First Lawsuit Filed in UCLA Superbug Outbreak
The recent superbug outbreak affecting patients at Ronald Reagan UCLA Medical Center is now the subject of its first lawsuit. We previously reported on the outbreak, which involves a potentially fatal bacteria that has spread to at least 7 patients – two of which have died –through the use of an Olympus endoscope at the hospital. Now the Los Angeles Times reports that an 18-year-old patient is suing Olympus Corp. of the Americas, maker of the controversial scope.
The patient, who is still in high school, remains at UCLA after receiving multiple treatments involving the scope in October and January. He is being treated for a CRE (carbapenem-resistant Enterobacteriaceae) infection and will likely remain under medical supervision for the foreseeable future. The infection is highly resistant to antibiotics, and can be fatal to as many as 50 percent of people exposed to it.
What We Know So Far
According to the lawsuit, which was filed Monday at the Los Angeles County Superior Court, the device maker is liable for negligence and fraud. The suit alleges that the latest scope model failed to provide “an effective and validated reprocessing protocol.” More specifically, Olympus is accused of providing outdated cleaning instructions to hospitals and physicians, while fully knowing that the complex design of the new scope makes it extremely difficult to clean.
Olympus Under Fire
This is just the latest development in the growing Olympus controversy. As we previously reported, the device maker is currently under federal investigation for possible violations of laws that ban improper payments to doctors and other customers. Olympus has not commented on the lawsuit, but previously said in a statement that the company is closely monitoring the situation.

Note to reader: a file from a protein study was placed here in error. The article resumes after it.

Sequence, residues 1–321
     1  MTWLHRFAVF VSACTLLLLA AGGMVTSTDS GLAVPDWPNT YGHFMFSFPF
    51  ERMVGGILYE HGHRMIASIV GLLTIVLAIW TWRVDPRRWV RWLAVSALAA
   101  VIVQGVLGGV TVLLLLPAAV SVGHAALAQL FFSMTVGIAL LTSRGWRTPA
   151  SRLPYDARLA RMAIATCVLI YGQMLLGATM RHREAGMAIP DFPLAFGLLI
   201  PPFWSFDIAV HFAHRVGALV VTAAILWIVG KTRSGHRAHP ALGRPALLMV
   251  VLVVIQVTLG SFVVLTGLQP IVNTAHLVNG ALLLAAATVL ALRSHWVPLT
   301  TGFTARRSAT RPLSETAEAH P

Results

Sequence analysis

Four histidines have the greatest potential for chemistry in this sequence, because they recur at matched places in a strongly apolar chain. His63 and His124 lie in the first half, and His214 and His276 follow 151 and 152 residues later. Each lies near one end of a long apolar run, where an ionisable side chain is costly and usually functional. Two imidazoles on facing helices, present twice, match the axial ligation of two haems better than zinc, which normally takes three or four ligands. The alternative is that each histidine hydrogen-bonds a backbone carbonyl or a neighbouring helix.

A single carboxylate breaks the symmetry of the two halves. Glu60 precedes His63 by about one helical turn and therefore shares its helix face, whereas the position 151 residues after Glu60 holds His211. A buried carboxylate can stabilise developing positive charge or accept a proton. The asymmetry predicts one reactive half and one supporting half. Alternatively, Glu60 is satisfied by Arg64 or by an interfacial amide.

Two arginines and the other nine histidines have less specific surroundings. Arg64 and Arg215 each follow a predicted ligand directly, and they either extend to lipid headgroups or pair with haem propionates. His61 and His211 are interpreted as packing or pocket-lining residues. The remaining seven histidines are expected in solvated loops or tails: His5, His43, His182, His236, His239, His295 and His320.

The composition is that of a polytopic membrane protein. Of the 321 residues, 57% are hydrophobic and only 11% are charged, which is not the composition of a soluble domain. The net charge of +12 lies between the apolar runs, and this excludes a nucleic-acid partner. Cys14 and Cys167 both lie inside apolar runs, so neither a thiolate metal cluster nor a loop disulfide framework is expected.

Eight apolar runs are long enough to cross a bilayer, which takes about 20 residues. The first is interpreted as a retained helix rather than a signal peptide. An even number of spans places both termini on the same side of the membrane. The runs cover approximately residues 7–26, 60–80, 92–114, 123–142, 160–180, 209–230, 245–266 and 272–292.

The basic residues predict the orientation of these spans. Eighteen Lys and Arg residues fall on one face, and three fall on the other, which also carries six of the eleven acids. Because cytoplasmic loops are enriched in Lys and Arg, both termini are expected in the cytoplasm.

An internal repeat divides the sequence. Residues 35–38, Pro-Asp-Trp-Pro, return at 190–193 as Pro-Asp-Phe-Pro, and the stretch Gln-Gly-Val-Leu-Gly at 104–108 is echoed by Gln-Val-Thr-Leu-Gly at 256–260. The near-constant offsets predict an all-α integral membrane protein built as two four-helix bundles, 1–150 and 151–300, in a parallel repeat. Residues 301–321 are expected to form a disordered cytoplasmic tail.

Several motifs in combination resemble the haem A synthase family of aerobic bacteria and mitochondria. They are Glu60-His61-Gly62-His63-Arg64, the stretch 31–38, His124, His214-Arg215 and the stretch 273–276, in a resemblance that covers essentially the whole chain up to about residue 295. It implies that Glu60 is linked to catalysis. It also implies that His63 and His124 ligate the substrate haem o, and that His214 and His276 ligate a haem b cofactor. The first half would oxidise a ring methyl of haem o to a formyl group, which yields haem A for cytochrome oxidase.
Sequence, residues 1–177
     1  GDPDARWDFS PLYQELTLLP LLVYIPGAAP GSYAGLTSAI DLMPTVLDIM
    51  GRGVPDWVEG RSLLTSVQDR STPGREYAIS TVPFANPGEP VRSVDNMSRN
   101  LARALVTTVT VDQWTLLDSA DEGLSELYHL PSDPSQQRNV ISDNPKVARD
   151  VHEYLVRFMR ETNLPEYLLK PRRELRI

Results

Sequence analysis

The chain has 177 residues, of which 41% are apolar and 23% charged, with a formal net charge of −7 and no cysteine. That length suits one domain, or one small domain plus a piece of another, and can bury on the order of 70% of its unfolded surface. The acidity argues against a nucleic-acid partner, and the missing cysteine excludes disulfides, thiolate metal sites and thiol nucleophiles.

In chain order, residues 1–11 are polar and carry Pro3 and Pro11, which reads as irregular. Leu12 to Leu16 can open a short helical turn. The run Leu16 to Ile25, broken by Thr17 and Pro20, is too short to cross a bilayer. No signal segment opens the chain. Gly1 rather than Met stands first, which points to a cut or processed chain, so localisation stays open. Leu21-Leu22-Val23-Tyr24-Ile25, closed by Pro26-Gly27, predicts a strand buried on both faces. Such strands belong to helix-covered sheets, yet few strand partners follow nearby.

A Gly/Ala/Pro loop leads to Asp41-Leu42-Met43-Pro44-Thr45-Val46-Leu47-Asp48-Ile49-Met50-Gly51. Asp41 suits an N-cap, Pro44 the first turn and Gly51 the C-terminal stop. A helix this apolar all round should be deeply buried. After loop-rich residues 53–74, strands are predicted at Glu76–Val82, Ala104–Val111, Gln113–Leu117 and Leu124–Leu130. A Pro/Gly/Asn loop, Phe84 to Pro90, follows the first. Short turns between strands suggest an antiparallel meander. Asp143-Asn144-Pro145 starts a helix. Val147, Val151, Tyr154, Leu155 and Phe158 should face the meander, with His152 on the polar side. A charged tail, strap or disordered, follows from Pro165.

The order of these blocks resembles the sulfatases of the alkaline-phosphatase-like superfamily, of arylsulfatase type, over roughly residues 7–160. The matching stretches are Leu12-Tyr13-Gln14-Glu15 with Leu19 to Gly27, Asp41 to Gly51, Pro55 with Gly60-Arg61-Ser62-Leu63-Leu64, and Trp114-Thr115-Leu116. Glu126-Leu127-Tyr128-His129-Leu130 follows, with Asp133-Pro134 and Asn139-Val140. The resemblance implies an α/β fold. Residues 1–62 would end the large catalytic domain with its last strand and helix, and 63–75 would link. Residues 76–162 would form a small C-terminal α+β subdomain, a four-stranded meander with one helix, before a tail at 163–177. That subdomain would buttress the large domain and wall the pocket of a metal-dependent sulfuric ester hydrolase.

A spokesperson for UCLA has confirmed that, since the discovery of the outbreak, UCLA Medical Center has switched to a more rigorous gas sterilization method of cleaning. No additional infections have occurred, but as many as 179 patients may have been exposed to the bug since October.
Have You Been Affected?
Nadrich & Cohen is closely monitoring all new developments in this unfolding situation. Have you suffered an injury resulting from an ERCP procedure involving an Olympus Q180V duodenoscope at Ronald Reagan UCLA Medical Center? Specifically between October 2014 and January 2015? If so, contact Nadrich & Cohen for a free, confidential consultation. You may be entitled to compensation, but you must act quickly. Call us today at 31